Tucson

Hotels in Tucson

Arizona has handful of wellness-oriented desert retreats, but Miraval Resort & Spa, 55 miles north of Tucson, stands out for an all-inclusive nightly rate that includes some spa treatments and activities (dance fusion, cocktail and cooking classes, and Pilates, to name a few).

The Apache Trail is a 40-mile route that curves east from Phoenix past towering saguaros. At its end lies the Noftsger Hill Inn Bed & Breakfast, a 1907 former schoolhouse overlooking the historic mining town of Globe.

Family-oriented Mission Revival resort in the Santa Catalina foothills with over-the-top amenities, such as a 177-foot waterslide, and a celebrated 27-hole Jack Nicklaus golf course.

Room to Book: Deluxe rooms on third floor for best views and balconies

 Ivy-covered hotel with private golf and tennis clubs on 600 acres in the Santa Catalina foothills that offers an intimate scale and a plethora of activities.

Enveloped by the Santa Catalina Mountains and backed by a waterfall, the 371-room Loews is a serene spot where, paradoxically, there's plenty to do: visit the brand-new spa, hike, splash in the pools, or play golf on the resort's 36 holes.

Set just 30 miles north of Tucson, this 253-room resort feels blissfully apart. It’s the kind of place where activities are encouraged—there are, for example, 20 miles of hiking trails and 27 holes of Jack Nicklaus–designed golf—but you’re never overscheduled.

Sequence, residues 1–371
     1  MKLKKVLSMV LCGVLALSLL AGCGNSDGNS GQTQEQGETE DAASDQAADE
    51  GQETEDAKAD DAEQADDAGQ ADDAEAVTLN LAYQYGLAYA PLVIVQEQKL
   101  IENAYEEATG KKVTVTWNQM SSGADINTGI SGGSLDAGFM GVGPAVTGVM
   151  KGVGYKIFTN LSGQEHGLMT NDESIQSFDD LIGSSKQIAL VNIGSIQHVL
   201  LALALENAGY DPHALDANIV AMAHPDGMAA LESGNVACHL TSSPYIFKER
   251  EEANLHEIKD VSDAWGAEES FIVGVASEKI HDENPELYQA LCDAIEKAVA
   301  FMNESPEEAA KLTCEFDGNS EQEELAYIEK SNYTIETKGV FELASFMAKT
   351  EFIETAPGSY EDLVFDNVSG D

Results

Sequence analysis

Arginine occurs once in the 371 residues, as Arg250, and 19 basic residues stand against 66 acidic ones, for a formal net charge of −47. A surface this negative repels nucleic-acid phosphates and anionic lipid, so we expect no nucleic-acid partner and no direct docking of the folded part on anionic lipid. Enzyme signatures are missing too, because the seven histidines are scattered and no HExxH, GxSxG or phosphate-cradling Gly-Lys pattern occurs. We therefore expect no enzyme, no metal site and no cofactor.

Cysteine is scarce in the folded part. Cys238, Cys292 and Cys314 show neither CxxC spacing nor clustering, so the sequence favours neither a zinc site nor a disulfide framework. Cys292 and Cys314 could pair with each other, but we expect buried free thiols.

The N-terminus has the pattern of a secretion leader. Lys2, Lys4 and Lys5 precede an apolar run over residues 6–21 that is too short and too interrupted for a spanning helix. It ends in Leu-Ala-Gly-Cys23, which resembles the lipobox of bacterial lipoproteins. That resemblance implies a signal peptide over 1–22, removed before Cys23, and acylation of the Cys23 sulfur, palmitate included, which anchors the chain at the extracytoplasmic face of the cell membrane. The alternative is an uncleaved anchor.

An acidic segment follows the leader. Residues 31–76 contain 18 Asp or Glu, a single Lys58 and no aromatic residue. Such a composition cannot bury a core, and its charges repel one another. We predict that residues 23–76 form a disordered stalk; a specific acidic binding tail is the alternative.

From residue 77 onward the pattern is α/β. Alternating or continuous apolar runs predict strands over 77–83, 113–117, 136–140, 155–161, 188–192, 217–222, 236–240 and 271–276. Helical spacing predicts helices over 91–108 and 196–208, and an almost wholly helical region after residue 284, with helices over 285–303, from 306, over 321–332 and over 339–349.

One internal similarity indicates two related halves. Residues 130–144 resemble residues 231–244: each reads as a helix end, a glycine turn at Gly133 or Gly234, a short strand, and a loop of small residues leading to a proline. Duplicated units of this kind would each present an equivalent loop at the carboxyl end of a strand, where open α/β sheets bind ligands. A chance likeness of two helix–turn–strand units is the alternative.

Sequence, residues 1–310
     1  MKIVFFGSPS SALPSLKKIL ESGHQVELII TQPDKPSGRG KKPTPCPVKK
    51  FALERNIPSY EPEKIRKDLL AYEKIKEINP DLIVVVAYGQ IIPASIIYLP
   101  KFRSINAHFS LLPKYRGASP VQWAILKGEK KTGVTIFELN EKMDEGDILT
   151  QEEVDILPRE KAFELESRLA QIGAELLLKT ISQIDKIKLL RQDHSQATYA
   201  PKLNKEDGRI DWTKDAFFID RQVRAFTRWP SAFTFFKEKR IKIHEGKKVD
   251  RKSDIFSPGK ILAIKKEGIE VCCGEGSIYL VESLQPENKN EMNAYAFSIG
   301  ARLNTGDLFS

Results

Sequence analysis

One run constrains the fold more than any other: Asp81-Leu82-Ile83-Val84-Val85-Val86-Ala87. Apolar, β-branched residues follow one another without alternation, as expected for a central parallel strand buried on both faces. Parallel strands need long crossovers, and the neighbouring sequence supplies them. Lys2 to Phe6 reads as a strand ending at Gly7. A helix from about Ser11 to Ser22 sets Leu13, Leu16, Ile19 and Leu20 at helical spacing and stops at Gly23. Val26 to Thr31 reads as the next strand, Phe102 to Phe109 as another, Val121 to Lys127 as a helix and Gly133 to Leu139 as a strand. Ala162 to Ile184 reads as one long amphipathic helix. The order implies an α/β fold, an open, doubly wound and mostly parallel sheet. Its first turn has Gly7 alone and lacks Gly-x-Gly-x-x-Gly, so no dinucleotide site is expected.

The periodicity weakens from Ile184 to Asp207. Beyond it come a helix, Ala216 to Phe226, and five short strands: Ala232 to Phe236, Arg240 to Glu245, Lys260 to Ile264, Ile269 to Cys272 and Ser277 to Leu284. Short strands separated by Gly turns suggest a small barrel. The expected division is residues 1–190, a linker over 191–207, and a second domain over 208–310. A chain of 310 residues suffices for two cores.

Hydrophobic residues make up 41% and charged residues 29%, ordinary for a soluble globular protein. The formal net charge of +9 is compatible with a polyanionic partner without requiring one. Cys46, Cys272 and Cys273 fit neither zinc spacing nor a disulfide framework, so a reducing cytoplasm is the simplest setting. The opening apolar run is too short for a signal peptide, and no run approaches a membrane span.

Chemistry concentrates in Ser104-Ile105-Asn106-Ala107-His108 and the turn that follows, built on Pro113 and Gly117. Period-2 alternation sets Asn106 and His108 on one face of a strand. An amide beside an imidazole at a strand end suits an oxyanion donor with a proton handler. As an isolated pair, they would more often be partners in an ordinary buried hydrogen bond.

An upscale, 60,000-acre resort near Tucson, Tanque Verde is best visited in spring or fall, when temperatures are cooler and the desert more lush.

Just north of the university, 14 sublimely private and controlled acres deploy a succession of gardens crazed with flowers and trees, separated by little gates and laid out with the whimsy of an English estate.

Hammered-tin lamps and carved-beam ceilings add old-world atmosphere to this charming property. Set in the Catalina foothills, the 1929 former girls’ boarding school has lush gardens and an award-winning restaurant.

This refurbished 1919 hotel built for passengers of the Southern Pacific Line has basic rooms but an unbeatable downtown location. It even played a role in the 1934 capture of John Dillinger.